At that point, he crossed the line.  And turned an otherwise permissible stop into a violation of the Fourth Amendment right to be free from unreasonable searches and seizures.

Tuesday, September 06, 2011

Brown v. Chiang (Cal. Ct. App. - August 30, 2011)

Some cases make you do a double take even before you start reading them.

The named parties in the caption of this opinion are familiar ones.  Governor Edmund Brown, Jr.  State Controller John Chiang.  Secretary of State Debra Bowen.  None of that's unusual.  You see these government officials on captions all the time.

But here's the rub.  Those are the only people named on the caption.

Governor Brown's the plaintiff.  John Chiang's the defendant.  Debra Bowen's the intervenor.  You mean to tell me that the Governor sued the Secretary of State and Controller?!  Wow.  Talk about a disfunctional government.  Not to mention a conflicted Democratic Party, in which all three politicians are members.

But it gets even weirder.  The plaintiffs (Governor Brown) are represented by private counsel on appeal.  Who are the lawyers who represent the defendants and intervenors?  Let's see, the first name on the list of counsel is . . . Edmund G. Brown, Jr.!  To put it differently, Jerry Brown is the lead lawyer defending a lawsuit filed by none other than himself.

There's obviously a backstory, otherwise this would be both surprising as well as a massive conflict of interest.  And once you start reading the opinion, although the Court of Appeal doesn't mention the topic, you start getting a tolerable sense of what transpired to create this unusual line-up.  The litigation involves the validity of the governor's executive order that ordered furloughs of state employees during the state budget crisis.  Who issued that order?  Governor Schwarzenegger.  Who didn't like that order?  Among other people, the Controller, the Secretary of State, and other elected officials, who did not like seeing members of their staff furloughed.  So, for example, the Controller refused to implement the order, claiming it was illegal.  At which point the Governor filed for a writ of mandate directing implementation of the order (as well as, as a political matter, using his line-item veto to slash the budgets of the officials who didn't comply).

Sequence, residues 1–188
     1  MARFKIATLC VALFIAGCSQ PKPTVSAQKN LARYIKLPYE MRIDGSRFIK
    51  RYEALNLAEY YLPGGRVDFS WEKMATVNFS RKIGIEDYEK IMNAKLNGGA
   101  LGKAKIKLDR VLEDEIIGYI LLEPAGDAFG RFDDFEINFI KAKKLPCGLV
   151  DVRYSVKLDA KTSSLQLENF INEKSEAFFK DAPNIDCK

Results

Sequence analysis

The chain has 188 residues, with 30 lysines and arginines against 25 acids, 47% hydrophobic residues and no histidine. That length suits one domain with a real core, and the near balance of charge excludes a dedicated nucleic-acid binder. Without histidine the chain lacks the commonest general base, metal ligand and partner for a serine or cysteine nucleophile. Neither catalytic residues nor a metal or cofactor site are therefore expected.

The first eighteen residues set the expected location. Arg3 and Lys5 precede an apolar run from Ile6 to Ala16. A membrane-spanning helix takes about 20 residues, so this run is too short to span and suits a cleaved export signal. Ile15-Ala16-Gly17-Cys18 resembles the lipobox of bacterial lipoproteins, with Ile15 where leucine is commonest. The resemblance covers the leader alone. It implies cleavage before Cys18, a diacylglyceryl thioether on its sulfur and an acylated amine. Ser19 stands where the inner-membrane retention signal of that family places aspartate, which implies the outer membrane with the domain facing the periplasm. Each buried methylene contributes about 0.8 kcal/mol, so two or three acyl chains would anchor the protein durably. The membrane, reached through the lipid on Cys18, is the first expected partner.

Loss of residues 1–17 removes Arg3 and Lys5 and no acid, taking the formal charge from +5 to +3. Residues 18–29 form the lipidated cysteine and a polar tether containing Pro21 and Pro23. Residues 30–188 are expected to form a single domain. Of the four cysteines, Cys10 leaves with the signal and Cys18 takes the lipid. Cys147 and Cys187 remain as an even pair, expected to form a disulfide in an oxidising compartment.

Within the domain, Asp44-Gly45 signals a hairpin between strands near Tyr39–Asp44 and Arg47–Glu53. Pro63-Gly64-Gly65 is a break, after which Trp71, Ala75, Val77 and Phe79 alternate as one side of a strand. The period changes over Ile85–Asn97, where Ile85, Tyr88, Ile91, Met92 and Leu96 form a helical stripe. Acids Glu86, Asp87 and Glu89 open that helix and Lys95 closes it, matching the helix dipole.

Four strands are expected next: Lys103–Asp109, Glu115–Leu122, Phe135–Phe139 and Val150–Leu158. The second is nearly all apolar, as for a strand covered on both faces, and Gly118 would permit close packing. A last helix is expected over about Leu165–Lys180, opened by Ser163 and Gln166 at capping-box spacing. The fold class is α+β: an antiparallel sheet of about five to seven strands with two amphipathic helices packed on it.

The trial court expedited the writ and directed the various state officials to comply with the order.  At which point they filed an appeal.  Which, needless to say, was not instantly resolved.

What transpired in the meantime?  An election.  So by the time the opinion rolled around, Governor Schwarzenegger  -- the one who made the order, and was defending it -- was no longer in office.  And Jerry Brown, who was the Attorney General, was now the new governor.  But the lawsuit, filed on behalf of the governor in his official capacity, continued apace.  The net result of which was the line-up you see in this opinion, with Jerry Brown ostensibly on both sides of the lawsuit.